The process of creating a Web-based coursebook supplement can be described as follows:
As can be seen, the steps of the process as given above demand the shift in the role of the teacher, from a language provider to a materials writer, from a teaching aid and a resource to an organizer and a facilitator.
When making an ESP Web supplement, the true interactive nature of the Internet needs to be exploited, by including such tools as:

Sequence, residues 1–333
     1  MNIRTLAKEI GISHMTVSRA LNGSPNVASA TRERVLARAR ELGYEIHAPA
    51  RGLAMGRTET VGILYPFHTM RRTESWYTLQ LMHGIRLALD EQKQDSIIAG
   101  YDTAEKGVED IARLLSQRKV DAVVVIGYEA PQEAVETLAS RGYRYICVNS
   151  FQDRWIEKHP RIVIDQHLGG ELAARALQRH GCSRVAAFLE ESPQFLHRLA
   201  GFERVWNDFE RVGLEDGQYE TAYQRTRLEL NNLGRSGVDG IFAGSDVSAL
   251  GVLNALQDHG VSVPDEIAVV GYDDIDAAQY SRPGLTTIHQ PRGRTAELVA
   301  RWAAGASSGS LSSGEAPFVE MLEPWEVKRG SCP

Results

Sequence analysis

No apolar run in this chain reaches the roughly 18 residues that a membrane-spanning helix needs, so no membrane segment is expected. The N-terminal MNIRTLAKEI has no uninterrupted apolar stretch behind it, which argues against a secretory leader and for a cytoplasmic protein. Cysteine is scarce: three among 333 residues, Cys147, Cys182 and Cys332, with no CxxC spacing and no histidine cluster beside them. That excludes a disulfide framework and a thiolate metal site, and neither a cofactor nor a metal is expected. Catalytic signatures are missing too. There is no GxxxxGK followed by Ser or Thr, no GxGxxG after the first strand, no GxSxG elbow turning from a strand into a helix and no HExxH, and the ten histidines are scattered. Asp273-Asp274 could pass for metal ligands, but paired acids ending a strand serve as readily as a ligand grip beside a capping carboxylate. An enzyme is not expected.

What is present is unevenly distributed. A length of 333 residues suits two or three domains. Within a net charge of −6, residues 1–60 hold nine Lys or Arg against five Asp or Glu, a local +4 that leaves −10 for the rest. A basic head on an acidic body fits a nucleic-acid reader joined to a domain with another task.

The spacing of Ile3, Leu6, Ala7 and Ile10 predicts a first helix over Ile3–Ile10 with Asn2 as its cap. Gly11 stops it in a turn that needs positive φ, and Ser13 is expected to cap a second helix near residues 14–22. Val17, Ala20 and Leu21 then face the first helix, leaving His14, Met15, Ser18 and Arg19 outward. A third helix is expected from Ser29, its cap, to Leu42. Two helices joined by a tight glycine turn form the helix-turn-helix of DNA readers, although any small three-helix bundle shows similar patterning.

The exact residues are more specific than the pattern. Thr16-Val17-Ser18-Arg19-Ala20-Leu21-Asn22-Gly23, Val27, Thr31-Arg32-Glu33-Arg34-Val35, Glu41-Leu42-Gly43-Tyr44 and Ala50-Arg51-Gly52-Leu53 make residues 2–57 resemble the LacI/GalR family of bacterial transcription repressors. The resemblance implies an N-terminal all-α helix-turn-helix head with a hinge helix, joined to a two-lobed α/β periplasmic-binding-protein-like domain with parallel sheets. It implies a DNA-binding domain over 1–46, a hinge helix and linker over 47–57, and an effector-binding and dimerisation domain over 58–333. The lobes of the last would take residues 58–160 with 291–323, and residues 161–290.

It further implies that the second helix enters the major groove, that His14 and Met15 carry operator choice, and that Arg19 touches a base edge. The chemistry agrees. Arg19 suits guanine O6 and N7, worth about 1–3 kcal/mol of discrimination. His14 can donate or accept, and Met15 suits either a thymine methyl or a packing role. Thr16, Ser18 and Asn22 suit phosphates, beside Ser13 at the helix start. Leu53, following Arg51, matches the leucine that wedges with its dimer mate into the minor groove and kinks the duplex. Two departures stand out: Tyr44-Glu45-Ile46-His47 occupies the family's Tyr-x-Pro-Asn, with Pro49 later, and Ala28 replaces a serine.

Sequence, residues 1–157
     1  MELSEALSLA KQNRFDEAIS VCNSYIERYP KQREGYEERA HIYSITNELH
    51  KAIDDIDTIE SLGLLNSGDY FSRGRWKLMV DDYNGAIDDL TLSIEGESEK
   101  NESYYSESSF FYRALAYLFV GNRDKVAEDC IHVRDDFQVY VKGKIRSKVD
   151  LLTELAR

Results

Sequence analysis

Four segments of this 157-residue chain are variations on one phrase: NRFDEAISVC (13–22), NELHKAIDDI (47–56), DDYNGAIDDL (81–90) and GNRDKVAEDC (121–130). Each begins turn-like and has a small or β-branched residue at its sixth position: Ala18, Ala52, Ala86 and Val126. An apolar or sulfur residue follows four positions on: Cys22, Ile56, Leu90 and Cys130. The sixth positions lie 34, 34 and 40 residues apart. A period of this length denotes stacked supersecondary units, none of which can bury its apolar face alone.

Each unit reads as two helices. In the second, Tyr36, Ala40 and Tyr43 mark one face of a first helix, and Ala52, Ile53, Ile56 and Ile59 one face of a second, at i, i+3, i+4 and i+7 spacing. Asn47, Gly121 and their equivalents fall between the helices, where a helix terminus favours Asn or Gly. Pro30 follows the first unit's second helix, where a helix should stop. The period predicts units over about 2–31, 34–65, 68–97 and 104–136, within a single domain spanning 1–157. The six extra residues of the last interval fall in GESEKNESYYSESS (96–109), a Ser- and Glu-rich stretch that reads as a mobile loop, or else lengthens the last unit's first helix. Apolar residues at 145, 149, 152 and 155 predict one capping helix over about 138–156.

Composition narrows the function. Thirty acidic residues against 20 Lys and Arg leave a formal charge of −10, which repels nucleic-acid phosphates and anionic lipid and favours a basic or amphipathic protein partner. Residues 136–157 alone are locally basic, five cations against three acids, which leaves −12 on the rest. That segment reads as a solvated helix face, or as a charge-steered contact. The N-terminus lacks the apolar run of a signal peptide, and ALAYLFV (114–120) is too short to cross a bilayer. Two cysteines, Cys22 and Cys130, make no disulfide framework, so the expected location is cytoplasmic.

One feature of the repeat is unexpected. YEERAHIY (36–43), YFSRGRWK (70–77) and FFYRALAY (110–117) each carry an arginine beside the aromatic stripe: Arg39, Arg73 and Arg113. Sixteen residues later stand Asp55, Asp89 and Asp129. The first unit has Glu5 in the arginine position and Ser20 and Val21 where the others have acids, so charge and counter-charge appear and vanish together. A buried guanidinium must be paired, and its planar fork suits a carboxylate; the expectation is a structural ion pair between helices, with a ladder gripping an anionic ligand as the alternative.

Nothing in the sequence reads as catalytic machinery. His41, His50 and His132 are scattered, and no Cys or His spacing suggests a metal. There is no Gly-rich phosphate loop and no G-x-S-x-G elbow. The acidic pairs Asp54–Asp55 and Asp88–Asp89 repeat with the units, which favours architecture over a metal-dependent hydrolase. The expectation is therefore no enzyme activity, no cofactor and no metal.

When thinking about the activities, depending on whether it is possible to conduct the lessons in-class or not, the teacher could include both standard communicative language activities (dialogues, role plays, simulations, question-answer, reading and multiple choice), and Web-based ones, such as interpersonal exchanges (keypal exchanges with a similar ESP class, electronic appearances, ask a question); information collection and analysis (treasure hunts, telefieldtrips, focus discipline research); Web publishing and editing (collaborative writing, class webpublishing) and online problem-solving (WebQuests, simulations and games, online research modules). For more on these, see Luzon Marco, 2001a; Luzon Marco, 2001b; Brown, 1999.